VISUAL ARTS

‘Sorrows' Up Close

Exhibit aims to evoke empathy and encourage ‘intimacy' with work

“Mother of Sorrows,” a 15th century oil-on-panel piece, serves as the central object in an upcoming exhibit at The Cummer Museum of Art & Gardens.
Courtesy Brian Shrum
Posted

Nov. 26-Feb. 16

The Cummer Museum of Art & Gardens, 829 Riverside Ave., Riverside

356-6857

cummer.org

Lecture by David Areford

7 p.m. Dec. 3

Hixon Auditorium

Free, limited seating

1:30 p.m. Jan. 15

Hixon Auditorium

Tickets: $6

Panel discussion moderated by David Areford

7 p.m. Feb. 4

Hixon Auditorium

Free, limited seating

Regular visitors to The Cummer Museum of Art & Gardens in the last 29 years might know the "Mother of Sorrows" from the permanent collection. The oil-on-poplar panel painting, of the Virgin Mary from the late 15th century, is probably not much larger than your hand.

Donated by the Schultz family in 1984, the work has been a prized piece — chosen as one of the 50 favorite works for the Cummer's 50th anniversary celebration in 2011. Now, the museum places "Mother of Sorrows" in a new light — as the central object in the museum's upcoming exhibition, "The Art of Empathy: The Cummer ‘Mother of Sorrows' in Context," on display Nov. 26 through Feb. 16.

Jacksonville native David Areford, now an associate professor of art history at the University of Massachusetts, Boston, serves as guest curator of the fall and winter exhibit. He examines the role of art in creating and shaping empathic response.

"In recent years, there have been many discussions of empathy in popular, political and scholarly debate, from the confirmation hearings of Supreme Court justices to concern over schoolyard bullying," Areford said. "I hope that the exhibition will make people think of the role of images in framing, teaching and mediating empathy as a learned practice — in Renaissance Europe and today."

Though little is known about the 15th century artist of the "Mother of Sorrows," nicknamed the "Master of the Stotteritz Altar" for his painted triptych altarpiece that survives in small-town Germany along with three other known works, Areford has spent the last decade researching the 9-inch-by-7-inch painting's emotional intensity and significance in the context of contemporary Northern Renaissance artworks.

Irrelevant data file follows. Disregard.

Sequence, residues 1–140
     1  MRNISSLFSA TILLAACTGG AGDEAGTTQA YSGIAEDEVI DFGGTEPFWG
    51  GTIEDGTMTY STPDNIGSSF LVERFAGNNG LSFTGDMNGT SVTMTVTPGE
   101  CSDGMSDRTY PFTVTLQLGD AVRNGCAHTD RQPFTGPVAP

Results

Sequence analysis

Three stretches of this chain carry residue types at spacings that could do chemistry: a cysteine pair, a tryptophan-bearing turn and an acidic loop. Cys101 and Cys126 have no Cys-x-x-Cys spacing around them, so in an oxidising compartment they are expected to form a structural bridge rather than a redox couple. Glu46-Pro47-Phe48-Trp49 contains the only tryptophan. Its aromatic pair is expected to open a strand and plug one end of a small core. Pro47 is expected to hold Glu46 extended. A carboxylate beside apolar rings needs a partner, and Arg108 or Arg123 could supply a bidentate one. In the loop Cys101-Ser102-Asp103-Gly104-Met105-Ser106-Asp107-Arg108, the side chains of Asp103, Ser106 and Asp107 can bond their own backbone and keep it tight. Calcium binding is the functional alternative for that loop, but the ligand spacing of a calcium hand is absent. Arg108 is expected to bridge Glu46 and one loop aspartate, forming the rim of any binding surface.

"The exhibit is designed to really highlight the idea of empathy and artwork as evoker of empathy," said Holly Keris, the Cummer's chief curator. "The artwork becomes your guide, showing you the types of emotions you should feel when you're looking at it or when you are engaged in prayer."

"We've got a whole gallery here full of paintings of Madonnas, and most of the other ones in that gallery are very stoic, very calm, detached and unemotional. This one is so markedly different, with her puffy cheeks and puffy red eyes," Keris said. "It's different from a lot of things that the general public is used to seeing."

The emotional "Mother of Sorrows" stands out in a gallery full of stoic medieval objects, but it could be overlooked by the casual museum visitor due to its relative proportion. According to Areford, the painting's size is connected to its function as a devotional object, intended to create intense intimacy between the owner and the image, but requiring close attention for modern viewers.

"That's part of what we're trying to emphasize in the exhibition," Areford said. "We're trying to encourage viewers to get up very close to the work and look at the details in the painting."

The central work will be surrounded by 19 carefully selected objects on loan from seven museums across the United States and in Europe.

Areford has divided the pieces into two categories within the framework of empathy: "Hands, Hair and Veil: Meaningful Details" 
and "Seeing and Weeping: Passion 
and Compassion."

The collection includes religious engravings by well-known Nuremberg printmakers Martin Schongauer and Albrecht Dürer, sculptures, illuminated manuscripts and devotional books.

Liturgical pieces are also on loan, including the "Reliquary of the Virgin and Saints," a gilded medieval container that was used to contain fragments of the bodies of saints, strands of the Virgin Mary's hair and other relics.

"The reliquary is our intent to think about the details in the Cummer painting," Areford said. "There are these beautifully painted curling strands of hair that spill out along the bottom of the painting. The original audience would have thought about those little hairs and connected them to reliquaries, and to the fact that parts of the Virgin's body, like her hair and her clothing, survived in their own churches and neighborhoods."

Areford authored "The Art of Empathy: The Mother of Sorrows in Northern Renaissance Art and Devotion," a 64-page, full-color catalog exhibit companion with in-depth analysis of the "Mother of Sorrows," including findings from a scientific study of the painting performed by the Straus Center for Conservation & Technical Studies at Harvard University. The catalog is available at the museum.

"We're very excited to have this opportunity to dig deeper into one piece at the museum and to bring together some outstanding examples of medieval art from top institutions in this country and abroad, to really highlight the significance of something that lives right here in Jacksonville," Keris said. 

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